What Is the Autoimmune Protocol (AIP) Diet?

Last updated: May 2022

Rheumatoid arthritis (RA) occurs when your immune system attacks joints, cartilage, and other body parts. Experts do not know what causes this autoimmune reaction. One theory is that certain genetic factors make people with RA more vulnerable to environmental factors, such as infections.

Gut health and the gut microbiome

Many environmental factors affect your gut microbiome (the bacteria in your intestine). These bacteria help maintain the gut lining, which prevents bacteria and toxins from triggering immune reactions outside the gut. People with autoimmune conditions like RA often have a weaker gut lining.

The gut microbiome is sensitive to the foods we eat. Certain food ingredients may strengthen the gut lining, while others may cause inflammation. Experts have developed diets, such as the autoimmune protocol (AIP) diet, based on this idea. It will not cure RA, but it may reduce symptoms such as inflammation.

How is diet linked to rheumatoid arthritis?

There is no evidence that any specific diet relieves symptoms of RA. However, there is a growing theory that certain foods can improve your gut health and reduce inflammation. The goal is to eliminate foods that may cause inflammation and reintroduce them slowly to see how each food affects you.

What is a leaky gut?

Many diets designed to reduce inflammation are based on the idea that people with autoimmune conditions have a “leaky gut.” The gut lining (also called the intestinal barrier) contains the pro-inflammatory bacteria and toxins within the intestine. When this barrier is permeable or “leaky,” food toxins can enter the bloodstream and trigger inflammatory reactions.1,2

The bacteria in your intestine (your gut microbiome) help maintain the gut lining. Nutrients and food ingredients can affect how well the microbiome maintains the gut lining. For example, vitamin D and fiber help maintain the gut lining. Stressors like alcohol weaken the gut lining. This is why many experts think dietary changes can reverse gut leakiness and reduce symptoms of RA.1,3

What is the autoimmune protocol diet?

The AIP diet includes foods with nutrients that heal the gut lining. It tries to avoid foods that may cause inflammation. The goals of the AIP diet are to:4

  • Avoid irritating the gut with food
  • Heal holes in the gut lining
  • Reduce inflammation and immune reactions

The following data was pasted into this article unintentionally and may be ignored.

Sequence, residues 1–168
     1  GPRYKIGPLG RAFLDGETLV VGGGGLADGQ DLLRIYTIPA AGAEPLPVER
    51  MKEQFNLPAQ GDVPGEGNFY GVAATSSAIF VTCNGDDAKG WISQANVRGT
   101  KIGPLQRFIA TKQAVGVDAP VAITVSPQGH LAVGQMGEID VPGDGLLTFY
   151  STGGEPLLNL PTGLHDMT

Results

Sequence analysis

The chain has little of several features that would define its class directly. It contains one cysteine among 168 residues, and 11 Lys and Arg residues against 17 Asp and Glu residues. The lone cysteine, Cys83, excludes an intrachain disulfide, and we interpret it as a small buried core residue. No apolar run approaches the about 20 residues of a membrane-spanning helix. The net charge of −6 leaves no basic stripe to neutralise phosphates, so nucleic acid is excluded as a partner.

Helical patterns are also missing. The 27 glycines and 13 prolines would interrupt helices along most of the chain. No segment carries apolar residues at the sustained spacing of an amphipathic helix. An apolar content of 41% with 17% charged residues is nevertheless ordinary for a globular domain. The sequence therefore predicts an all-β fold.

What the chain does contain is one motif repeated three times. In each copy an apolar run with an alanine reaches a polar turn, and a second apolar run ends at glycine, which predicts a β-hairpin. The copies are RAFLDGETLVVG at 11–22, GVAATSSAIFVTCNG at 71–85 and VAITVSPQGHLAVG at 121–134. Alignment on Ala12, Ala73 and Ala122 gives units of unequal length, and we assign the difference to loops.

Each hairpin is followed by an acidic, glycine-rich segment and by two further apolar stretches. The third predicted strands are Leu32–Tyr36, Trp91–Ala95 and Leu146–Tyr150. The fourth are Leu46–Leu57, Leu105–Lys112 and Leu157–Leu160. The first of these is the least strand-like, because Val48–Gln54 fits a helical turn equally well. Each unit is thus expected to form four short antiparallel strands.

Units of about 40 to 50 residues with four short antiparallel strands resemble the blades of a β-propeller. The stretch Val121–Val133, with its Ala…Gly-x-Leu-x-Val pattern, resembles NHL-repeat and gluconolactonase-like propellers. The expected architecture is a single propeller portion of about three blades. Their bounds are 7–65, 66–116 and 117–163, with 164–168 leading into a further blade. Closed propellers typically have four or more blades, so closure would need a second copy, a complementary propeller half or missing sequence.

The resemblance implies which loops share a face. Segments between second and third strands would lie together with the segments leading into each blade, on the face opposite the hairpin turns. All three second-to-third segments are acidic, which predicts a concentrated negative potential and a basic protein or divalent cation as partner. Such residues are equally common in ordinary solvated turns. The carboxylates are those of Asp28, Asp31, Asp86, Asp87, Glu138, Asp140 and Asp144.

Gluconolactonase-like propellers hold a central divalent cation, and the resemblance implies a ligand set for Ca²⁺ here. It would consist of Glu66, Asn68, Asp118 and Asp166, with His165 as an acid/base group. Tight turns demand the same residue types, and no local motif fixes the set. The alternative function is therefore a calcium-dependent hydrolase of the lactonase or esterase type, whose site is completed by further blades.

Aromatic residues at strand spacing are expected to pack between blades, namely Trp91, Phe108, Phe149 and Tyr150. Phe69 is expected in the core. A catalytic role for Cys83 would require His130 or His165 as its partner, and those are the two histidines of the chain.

The AIP diet usually removes the same foods as the Paleo diet, as well as nuts, seeds, and artificial sweeteners. In general, it allows you to eat:4

  • Meat and fish
  • Most vegetables
  • Fruit
  • Sweet potatoes
  • Coconut milk
  • Fresh, non-seed herbs
  • Green tea
  • Vinegar
  • Dairy-free fermented foods (like kombucha)
  • Avocado, olive, and coconut oil

The AIP diet does not allow you to eat:4

  • Grains (oats, wheat, and rice)
  • Dairy
  • Eggs
  • Nuts, seeds, legumes, and beans
  • Tomatoes, potatoes, eggplants, peppers
  • Sugars (including sweeteners)
  • Butter
  • Oils
  • Herbs from seeds
  • Processed foods
  • Chocolate
  • Alcohol

This diet is very restrictive and is not meant to be used long-term. Over time, it can result in nutrition deficiencies and complications. The AIP diet is instead meant to identify foods that trigger symptoms by slowly reintroducing them after you eliminate them.

Can the AIP diet help people with RA?

There is not much research done on the AIP diet for people with RA. Two small studies have shown that the AIP diet can help people with inflammatory bowel disease (IBD) and Hashimoto’s thyroiditis (HT). Many people with RA develop these conditions.5

One study enrolled 15 people with IBD (Crohn’s disease or ulcerative colitis). They phased out the foods not allowed in the AIP diet over 6 weeks before maintaining the diet for 5 weeks. Eleven of the 15 participants showed complete remission by week 6.6

Another study enrolled 17 women with Hashimoto’s thyroiditis, which is an autoimmune condition affecting the thyroid gland. They carried out the AIP diet over 10 weeks. The AIP diet reduced symptom burden and indicators of inflammation.7

However, these studies are very small and are not proper clinical trials. We still need more research to understand exactly how the AIP diet should be used by people with RA and other autoimmune conditions.

Other diets for people with RA try

One diet that may reduce symptoms for people with RA is a lectin-free diet. Lectins are proteins that may damage the gut lining. This diet excludes beans, lentils, grains, and most dairy products.4

Another diet that helps some people with RA is a low FODMAP diet. FODMAPs are sugars that are not easily digested. For people with RA who experience bloating, gas, or diarrhea, a low FODMAP diet may help by reducing inflammation. This diet excludes wheat and certain fruits, vegetables, and dairy products.4

If you are considering the AIP or any other diet, talk to your doctor. They can help you develop a plan to ensure you still get enough nutrients. They may encourage you to eliminate certain foods before slowly reintroducing them back into your diet.

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